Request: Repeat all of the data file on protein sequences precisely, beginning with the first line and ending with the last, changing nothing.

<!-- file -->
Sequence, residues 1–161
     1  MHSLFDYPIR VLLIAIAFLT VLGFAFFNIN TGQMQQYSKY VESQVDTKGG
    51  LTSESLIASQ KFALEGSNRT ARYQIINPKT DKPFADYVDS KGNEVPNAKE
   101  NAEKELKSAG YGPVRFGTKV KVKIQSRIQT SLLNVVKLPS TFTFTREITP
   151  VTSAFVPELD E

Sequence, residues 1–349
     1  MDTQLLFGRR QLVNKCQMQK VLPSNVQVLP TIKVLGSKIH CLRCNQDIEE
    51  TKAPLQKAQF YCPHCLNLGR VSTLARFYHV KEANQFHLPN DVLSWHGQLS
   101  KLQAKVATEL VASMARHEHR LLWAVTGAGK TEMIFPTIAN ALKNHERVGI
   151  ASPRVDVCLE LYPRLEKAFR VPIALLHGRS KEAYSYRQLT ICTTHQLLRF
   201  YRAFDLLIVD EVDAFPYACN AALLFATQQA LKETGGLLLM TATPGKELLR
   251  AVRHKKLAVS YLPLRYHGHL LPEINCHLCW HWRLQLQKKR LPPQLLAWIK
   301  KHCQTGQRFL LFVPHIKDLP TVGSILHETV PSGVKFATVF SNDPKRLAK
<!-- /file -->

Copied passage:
Sequence, residues 1–161
     1  MHSLFDYPIR VLLIAIAFLT VLGFAFFNIN TGQMQQYSKY VESQVDTKGG
    51  LTSESLIASQ KFALEGSNRT ARYQIINPKT DKPFADYVDS KGNEVPNAKE
   101  NAEKELKSAG YGPVRFGTKV KVKIQSRIQT SLLNVVKLPS TFTFTREITP
   151  VTSAFVPELD E

Sequence, residues 1–349
     1  MDTQLLFGRR QLVNKCQMQK VLPSNVQVLP TIKVLGSKIH CLRCNQDIEE
    51  TKAPLQKAQF YCPHCLNLGR VSTLARFYHV KEANQFHLPN DVLSWHGQLS
   101  KLQAKVATEL VASMARHEHR LLWAVTGAGK TEMIFPTIAN ALKNHERVGI
   151  ASPRVDVCLE LYPRLEKAFR VPIALLHGRS KEAYSYRQLT ICTTHQLLRF
   201  YRAFDLLIVD EVDAFPYACN AALLFATQQA LKETGGLLLM TATPGKELLR
   251  AVRHKKLAVS YLPLRYHGHL LPEINCHLCW HWRLQLQKKR LPPQLLAWIK
   301  KHCQTGQRFL LFVPHIKDLP TVGSILHETV PSGVKFATVF SNDPKRLAK